|I’m *making* an online fundraising event for a school. I thought maybe people would gain something by seeing my process for creating, rehearsing, collaborating, and performing the event… So, here I am sharing.|
Today and tomorrow were scheduled for me to work on the showflow and game structure of the event. I had committed to setup for my wife’s Zoom performance which I drastically underestimated. I got some work done on my stuff, but there was a lot of time spent on setting up her lights, camera, and sound. Alas, I don’t have a show flow. I don’t have game structure.
I am grateful for the time I spent on her thing. It taught me a lot that I think will help the school client, and will help future audiences. I got to talk to the school director today on zoom to figure out some things, and I got to work with my Zoom tech. The day was not wasted in any sense.
I know I’m on Zoltar’s timeline. I can sometimes get distracted, dismayed, or sidetracked by surprises that come up like this, but I don’t want to allow my black and white thinking to get in the way of progress. This happens all the time and I see it with lots of entertainers. As soon as we start into a project we love, new rabbit holes sprout up instantly.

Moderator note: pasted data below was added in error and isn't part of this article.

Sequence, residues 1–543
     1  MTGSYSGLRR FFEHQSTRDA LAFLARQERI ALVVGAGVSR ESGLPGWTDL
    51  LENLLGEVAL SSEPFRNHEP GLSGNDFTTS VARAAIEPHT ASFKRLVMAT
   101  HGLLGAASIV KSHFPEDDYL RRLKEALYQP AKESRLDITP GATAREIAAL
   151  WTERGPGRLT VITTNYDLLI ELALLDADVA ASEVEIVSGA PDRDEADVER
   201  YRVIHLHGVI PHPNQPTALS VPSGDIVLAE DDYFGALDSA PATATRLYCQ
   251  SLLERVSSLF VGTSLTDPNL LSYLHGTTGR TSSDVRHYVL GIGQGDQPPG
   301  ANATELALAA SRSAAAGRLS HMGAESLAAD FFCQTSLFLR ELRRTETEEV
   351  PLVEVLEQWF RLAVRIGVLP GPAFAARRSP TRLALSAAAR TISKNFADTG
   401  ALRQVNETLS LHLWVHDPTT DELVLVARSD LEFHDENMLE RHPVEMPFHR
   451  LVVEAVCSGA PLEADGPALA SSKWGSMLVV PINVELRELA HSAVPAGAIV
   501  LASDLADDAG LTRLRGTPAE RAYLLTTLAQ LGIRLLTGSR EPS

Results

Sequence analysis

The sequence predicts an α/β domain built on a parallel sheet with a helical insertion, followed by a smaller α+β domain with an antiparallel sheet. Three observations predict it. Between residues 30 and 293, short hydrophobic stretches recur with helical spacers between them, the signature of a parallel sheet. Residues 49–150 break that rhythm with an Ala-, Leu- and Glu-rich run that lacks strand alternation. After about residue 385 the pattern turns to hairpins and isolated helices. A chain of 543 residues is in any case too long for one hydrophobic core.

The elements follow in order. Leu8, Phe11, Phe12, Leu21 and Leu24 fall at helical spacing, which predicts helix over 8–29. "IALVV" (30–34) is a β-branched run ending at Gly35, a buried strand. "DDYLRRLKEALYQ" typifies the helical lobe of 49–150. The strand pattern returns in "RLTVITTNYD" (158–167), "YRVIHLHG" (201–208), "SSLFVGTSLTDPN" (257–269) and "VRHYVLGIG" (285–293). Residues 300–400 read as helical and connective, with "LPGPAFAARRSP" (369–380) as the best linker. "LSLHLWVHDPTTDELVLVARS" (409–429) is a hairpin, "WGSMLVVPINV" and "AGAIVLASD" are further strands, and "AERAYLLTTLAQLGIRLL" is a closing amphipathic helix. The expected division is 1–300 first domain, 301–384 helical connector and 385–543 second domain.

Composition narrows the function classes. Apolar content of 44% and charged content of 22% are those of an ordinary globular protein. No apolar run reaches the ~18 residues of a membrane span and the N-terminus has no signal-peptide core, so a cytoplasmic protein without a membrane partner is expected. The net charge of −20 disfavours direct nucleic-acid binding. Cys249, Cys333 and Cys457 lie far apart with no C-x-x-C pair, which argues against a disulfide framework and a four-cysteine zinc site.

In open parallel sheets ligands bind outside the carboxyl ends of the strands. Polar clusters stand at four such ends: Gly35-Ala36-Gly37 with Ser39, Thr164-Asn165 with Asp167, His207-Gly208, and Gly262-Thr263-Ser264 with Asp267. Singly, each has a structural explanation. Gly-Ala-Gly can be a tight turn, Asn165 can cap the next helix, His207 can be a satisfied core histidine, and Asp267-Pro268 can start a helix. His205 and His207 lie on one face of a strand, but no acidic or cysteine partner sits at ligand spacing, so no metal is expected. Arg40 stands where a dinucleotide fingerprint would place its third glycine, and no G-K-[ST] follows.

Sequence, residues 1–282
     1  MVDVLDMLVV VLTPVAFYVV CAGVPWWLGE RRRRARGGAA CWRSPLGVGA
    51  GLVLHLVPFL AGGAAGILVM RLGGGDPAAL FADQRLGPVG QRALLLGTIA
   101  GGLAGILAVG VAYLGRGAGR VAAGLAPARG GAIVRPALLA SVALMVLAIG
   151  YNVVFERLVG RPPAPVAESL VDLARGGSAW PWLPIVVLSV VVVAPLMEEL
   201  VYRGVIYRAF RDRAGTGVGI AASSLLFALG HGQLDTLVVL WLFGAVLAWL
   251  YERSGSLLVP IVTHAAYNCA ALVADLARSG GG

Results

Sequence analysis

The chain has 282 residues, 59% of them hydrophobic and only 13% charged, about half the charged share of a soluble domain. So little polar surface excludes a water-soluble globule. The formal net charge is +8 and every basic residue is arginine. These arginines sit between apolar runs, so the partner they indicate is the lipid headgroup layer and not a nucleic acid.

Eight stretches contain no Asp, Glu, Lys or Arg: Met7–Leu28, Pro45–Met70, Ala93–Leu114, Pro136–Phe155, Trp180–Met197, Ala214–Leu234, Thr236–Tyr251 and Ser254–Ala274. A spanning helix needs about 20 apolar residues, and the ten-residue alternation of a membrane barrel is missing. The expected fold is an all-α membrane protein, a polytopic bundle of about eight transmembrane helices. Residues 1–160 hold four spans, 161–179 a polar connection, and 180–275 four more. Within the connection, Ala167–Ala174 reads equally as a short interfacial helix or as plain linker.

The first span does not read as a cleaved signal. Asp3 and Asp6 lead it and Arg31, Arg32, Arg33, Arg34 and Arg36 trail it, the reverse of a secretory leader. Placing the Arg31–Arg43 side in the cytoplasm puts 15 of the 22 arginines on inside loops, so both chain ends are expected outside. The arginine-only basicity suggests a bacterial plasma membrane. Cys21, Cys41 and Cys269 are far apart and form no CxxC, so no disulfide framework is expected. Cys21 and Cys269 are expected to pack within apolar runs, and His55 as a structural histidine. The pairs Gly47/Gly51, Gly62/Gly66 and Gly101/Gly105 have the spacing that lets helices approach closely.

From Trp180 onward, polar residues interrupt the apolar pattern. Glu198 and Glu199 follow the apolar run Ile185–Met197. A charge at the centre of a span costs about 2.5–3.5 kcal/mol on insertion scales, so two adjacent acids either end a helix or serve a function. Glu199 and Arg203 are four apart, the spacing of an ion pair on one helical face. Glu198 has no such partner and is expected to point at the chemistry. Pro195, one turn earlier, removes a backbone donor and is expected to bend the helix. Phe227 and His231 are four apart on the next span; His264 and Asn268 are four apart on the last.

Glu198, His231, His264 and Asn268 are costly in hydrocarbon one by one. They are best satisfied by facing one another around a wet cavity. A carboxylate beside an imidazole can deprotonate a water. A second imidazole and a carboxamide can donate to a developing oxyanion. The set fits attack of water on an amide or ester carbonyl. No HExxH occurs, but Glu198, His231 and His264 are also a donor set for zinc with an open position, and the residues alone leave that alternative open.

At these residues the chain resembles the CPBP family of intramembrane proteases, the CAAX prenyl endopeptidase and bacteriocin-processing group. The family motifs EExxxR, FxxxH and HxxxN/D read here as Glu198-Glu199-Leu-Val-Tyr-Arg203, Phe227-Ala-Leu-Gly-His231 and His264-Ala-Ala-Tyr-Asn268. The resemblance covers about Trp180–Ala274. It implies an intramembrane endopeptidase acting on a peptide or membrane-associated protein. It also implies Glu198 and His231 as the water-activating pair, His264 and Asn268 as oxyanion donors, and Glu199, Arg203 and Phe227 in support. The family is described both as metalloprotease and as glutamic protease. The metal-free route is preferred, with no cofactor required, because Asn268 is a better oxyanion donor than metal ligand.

Sitting to think of show flow and game structure is hard. It takes a lot of focus, and this is a big part of the value I bring. This event will be something completely original and something that most other entertainers would be incapable of doing. There is light at the end of the tunnel.
My hope in this writing is that I convey my confidence in my ability as well as the vulnerability I inevitably feel when I do my favorite work. The only thing I can do to continually recenter myself is to remind myself of my experience and try to bring the results of it to my audience. To hold back would be selfish.